Universe Symphony (Ives)
The date of composition is unknown, but he probably worked on it periodically between 1911 and 1928. Intended to be a spatial composition for two or more orchestras, it is in three sections:
- "Past: Formation of the waters and mountains"
- "Present: Earth, evolution in nature and humanity"
- "Future: Heaven, the rise of all to the Spiritual".
Ives conceived the idea during the autumn of 1915 while he was staying in the Adirondacks of New York State, but he left it alone until 1923, when he returned to working on it. Although he spent many years on it, many of the sketches are missing. During the 1990s there were three separate performing versions assembled, including a version by David Gray Porter (1993, Section A plus the Coda and part of a first Prelude only), Larry Austin (1994), and Johnny Reinhard (1996).
It is a complex work, using 20 independent musical lines; each moves in a separate meter, only coinciding on downbeats eight seconds apart. According to his notes on a sketch of the Universe Symphony, Ives was "striving to ... paint the creation, the mysterious beginnings of all things known through God and man, to trace with tonal imprints the vastness, the evolution of all life, in nature, of humanity from the great roots of life to the spiritual eternities, from the great inknown to the great unknown." Ives envisioned the work being performed by multiple orchestras located in valleys, on hillsides and mountains, with the music mimicking "the eternal pulse ... the planetary motion of the earth ... the soaring lines of mountains and cliffs ... deep ravines, sharp jagged edges of rock". Pages are missing or were never written.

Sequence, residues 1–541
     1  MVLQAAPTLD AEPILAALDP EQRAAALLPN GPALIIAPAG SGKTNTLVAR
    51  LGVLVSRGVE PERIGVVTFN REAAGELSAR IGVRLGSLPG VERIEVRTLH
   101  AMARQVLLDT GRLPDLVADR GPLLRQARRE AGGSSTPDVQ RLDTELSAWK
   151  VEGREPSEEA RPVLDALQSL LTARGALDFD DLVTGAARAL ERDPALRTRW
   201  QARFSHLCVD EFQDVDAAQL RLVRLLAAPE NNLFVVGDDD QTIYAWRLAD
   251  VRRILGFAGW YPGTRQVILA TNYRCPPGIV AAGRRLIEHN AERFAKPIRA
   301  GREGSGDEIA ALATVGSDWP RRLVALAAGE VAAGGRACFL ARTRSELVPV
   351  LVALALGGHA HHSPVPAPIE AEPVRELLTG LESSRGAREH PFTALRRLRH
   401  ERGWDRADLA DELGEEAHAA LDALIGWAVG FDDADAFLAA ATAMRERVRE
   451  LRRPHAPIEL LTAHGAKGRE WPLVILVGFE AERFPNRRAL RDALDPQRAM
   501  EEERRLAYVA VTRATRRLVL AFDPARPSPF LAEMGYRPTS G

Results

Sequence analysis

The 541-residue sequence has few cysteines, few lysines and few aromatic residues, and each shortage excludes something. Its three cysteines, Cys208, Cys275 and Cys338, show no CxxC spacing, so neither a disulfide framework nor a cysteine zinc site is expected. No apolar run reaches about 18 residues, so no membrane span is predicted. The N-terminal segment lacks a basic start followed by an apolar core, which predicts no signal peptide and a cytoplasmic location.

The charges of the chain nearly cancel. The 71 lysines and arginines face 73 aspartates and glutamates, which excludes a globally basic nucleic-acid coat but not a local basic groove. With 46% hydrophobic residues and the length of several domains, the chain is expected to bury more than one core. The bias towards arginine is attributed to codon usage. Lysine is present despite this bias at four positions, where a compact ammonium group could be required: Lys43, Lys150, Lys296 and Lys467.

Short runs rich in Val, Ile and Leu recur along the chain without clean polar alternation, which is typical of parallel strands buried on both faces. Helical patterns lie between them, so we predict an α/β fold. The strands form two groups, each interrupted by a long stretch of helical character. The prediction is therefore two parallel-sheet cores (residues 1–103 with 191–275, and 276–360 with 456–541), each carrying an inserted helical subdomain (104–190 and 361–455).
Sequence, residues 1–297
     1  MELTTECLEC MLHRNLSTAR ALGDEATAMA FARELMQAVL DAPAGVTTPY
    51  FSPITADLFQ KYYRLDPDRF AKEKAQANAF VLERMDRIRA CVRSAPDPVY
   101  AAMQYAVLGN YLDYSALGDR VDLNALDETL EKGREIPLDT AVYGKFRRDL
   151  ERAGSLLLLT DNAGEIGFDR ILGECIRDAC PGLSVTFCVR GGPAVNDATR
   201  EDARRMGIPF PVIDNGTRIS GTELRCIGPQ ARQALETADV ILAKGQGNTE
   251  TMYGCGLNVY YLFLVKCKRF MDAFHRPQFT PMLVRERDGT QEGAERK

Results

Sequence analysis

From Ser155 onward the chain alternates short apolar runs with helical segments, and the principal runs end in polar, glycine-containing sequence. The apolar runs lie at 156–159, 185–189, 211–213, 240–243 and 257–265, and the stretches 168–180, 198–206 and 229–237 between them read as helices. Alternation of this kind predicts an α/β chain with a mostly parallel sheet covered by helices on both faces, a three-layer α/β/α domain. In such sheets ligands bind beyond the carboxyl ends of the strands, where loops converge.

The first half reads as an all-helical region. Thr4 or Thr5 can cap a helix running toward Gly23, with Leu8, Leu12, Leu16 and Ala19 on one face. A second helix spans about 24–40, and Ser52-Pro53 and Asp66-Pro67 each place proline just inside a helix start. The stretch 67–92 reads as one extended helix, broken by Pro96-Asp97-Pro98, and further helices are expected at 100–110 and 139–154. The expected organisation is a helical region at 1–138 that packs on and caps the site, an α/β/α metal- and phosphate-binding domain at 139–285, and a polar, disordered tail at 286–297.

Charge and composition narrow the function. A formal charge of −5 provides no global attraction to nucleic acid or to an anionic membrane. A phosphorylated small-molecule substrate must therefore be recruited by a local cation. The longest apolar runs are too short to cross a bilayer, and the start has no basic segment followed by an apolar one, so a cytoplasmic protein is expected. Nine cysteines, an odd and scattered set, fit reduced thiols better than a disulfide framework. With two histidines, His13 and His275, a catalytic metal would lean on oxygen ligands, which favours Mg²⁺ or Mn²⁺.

The first part ("Section A") was derived from a sketch of 1915 for a piece called "The Earth and the Heavens" or "The Earth and the Firmament", with one group of instruments representing the Earth and another group representing the Heavens, and with a group of percussion instruments representing the eternal pulse of the universe underlying both. This is the most complete large fragment of the piece, along with a Coda for the complete movement written in a similar style that shares the same four main "Earth-themes" of Section A. The main "sky-theme" is the only theme built upon a quotation, the hymn tune "Bethany" ("Nearer My God to Thee", the same hymn tune used as the basis for the Finale of his Fourth Symphony.)
There were also to be three Preludes to the Symphony, but none were completed. The most complete is the first Prelude, but again this was not completed, left only in the form of an outline-sketch with musical examples. For more information see James B. Sinclair's "Descriptive Catalogue" of Ives's music and manuscripts (1999). In addition, Reinhard has written a detailed history of Ives's composition of the Universe Symphony as well as his own process in preparing a performance edition from Ives's sketches.
The score calls for unorthodox instruments, as follows:
- Woodwinds: 9 flutes (2 doubling piccolo, 1 doubling wooden flute), 2 oboes, 3 clarinets, 5 bassoons (2 doubling contrabassoon)
- Brass: 5 trumpets, 4 horns, 4 trombones, 2 tubas
- Keyboards: piano or celeste, organ
- Strings: harp, 8 violins, 5 violas, 4 cellos, 3 double basses
- Percussion: 12 percussionists (low bell, bass drum and cymbal, low gong, bass drum, timpani, triangle, high gong, log drum, piccolo tympani, Indian drum, snare drum, 2 kinds of metal pipe, high brittle wood, medium small xylophone, clay pipes, different sizes of wood blocks and boards, low xylophone, large tambourine, small triangle, wood block, high bell, suspended cymbal, glasses, drum rims, small steel bars, castanets, marble slab)
- Kirkpatrick, John (1980). "Charles E. Ives". In Sadie, Stanley (ed.). The New Grove Dictionary of Music and Musicians. ix (1 ed.). London: Macmillan. pp. 414–429.
- Burkholder, J. Peter; Sinclair, James B.; Sherwood, Gayle (2001). "Ives, Charles (Edward)". In Root, Deane L. (ed.). Grove Music Online. Oxford University Press. doi:10.1093/gmo/9781561592630.article.14000.
- Johnny Reinhard. "Across The Universe". NewMusicBox. Retrieved 8 January 2015.